Do It Daily: William Stafford and Persistence

William Stafford woke up every morning, seven days a week, at 4 a.m., made himself a cup of instant coffee and a piece of dry toast, and stretched out on his family’s living room couch. There, notebook on lap, he wrote until the sun came up. He wrote a poem a day, a process he describes in the short lyric “Just Thinking”: “Got up on a cool morning. Leaned out a window. / No cloud, no wind. . . . Let the bucket of memory down into the well, / bring it up. Cool, cool minutes. No one / stirring. No plans. Just being there.” Stafford was a late bloomer whose first major collection of poems, Traveling Through the Dark, was published when he was forty-eight. It won the National Book Award in 1963. He went on to publish more than sixty-five volumes of poetry and prose.” — “The Poets Laureate Anthology” edited by Elizabeth Hun Schmidt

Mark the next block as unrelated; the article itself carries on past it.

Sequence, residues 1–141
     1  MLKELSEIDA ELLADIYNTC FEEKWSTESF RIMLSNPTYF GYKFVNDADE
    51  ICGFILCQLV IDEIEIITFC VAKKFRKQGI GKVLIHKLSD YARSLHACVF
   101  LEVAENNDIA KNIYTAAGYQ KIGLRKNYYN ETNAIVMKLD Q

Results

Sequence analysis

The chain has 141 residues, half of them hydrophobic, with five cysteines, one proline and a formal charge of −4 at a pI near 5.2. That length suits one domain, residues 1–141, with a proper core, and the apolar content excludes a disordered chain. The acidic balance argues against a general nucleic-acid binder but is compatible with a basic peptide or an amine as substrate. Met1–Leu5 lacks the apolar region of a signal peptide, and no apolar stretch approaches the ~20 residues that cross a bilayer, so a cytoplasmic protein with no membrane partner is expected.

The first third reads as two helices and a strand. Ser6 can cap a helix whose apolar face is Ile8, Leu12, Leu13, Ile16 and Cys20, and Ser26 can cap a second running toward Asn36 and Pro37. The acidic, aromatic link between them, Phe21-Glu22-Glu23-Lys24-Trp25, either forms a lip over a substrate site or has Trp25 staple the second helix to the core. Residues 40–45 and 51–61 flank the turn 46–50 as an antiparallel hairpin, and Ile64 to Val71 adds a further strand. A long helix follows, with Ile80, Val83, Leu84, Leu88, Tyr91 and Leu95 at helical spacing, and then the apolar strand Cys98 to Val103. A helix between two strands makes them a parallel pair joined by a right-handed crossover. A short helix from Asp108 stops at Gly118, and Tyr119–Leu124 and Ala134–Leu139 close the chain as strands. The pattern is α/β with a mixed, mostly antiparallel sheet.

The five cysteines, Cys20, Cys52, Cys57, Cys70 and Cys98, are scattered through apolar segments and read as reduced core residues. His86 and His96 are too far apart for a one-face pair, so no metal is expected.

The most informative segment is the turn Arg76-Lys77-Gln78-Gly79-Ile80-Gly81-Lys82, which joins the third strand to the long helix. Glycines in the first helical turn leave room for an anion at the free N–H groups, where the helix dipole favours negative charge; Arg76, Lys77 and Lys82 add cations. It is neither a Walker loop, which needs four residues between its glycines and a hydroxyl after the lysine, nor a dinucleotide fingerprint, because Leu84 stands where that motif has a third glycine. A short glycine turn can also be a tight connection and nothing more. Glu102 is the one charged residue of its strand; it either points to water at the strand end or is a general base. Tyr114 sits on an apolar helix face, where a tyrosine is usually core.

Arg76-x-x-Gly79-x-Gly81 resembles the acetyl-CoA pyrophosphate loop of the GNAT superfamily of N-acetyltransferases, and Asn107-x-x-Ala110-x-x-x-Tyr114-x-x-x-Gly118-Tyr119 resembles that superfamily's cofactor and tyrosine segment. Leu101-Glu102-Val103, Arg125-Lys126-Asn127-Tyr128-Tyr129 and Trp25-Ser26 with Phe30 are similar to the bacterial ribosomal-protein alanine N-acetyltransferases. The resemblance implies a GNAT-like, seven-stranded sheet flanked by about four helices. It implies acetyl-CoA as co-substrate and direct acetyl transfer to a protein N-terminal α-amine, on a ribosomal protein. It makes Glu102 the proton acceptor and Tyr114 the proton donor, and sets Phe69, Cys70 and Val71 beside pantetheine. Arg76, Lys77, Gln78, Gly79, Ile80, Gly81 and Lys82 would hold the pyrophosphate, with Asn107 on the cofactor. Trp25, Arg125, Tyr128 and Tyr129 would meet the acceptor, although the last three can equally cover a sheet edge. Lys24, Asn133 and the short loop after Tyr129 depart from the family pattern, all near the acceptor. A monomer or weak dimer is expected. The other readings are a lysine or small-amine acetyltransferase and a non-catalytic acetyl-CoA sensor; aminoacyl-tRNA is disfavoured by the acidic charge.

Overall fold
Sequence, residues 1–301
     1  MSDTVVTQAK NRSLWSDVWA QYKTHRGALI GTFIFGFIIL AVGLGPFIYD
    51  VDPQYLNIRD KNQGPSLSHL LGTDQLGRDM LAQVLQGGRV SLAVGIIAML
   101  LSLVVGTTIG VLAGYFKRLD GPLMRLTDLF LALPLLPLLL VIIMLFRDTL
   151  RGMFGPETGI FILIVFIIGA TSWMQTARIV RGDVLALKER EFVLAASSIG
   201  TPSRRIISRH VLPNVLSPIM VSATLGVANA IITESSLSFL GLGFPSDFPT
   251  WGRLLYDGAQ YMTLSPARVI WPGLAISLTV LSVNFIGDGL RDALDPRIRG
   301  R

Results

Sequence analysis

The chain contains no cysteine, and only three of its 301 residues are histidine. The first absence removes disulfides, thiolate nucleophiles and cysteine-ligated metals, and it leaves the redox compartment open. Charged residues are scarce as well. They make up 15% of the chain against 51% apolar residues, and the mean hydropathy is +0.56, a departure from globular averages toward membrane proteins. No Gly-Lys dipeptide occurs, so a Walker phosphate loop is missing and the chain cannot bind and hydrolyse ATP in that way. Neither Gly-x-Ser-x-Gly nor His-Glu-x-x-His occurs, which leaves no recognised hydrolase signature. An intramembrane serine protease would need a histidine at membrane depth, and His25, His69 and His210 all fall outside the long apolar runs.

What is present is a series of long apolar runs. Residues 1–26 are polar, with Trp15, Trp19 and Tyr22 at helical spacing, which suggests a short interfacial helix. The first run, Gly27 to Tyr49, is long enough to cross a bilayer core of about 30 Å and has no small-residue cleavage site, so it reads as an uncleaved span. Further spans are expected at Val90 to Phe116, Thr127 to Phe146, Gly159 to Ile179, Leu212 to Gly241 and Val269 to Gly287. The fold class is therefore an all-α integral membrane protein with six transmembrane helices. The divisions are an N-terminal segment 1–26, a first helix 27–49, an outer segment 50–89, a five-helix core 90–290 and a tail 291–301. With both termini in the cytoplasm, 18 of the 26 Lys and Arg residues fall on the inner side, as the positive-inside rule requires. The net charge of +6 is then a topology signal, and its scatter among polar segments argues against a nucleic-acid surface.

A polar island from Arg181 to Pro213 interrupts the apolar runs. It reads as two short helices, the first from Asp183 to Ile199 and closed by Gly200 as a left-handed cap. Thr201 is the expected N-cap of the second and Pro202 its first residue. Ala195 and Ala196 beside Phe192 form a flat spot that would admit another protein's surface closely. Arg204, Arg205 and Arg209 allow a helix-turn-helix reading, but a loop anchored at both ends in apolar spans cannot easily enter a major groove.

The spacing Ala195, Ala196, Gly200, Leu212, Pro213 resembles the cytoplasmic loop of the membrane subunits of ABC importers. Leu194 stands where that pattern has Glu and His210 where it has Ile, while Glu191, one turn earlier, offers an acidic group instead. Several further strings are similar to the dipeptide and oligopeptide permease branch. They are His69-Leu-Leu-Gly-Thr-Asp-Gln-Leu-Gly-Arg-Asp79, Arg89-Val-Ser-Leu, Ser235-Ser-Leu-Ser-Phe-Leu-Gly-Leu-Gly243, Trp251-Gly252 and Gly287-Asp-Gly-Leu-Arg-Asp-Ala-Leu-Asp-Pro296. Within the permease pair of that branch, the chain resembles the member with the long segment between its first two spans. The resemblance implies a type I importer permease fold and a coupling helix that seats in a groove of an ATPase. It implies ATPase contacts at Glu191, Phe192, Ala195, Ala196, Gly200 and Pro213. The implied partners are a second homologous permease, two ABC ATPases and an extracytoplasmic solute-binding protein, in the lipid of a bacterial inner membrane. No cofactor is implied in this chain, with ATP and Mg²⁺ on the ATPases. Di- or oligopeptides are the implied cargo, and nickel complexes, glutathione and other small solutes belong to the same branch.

A poem a day led to sixty-five volumes of poetry and prose. That’s what a sustained, persistent ritual of output produces. This kind of output really seduces me, all the more so because his persistence was rooted in delight. I spent a few years writing a great deal of poetry. Stafford’s ritual inspired me and helped me be ‘in it’. This is what doing anything positive daily consciously can do for you. This is at the heart of the 40 Days to Change for Good ritual. When I play music daily I get inside the music, when I don’t some part of me feels outside the garden walls.

What’s important enough for you to do daily at a certain time? What’s your ritual? And is it rooted in delight?

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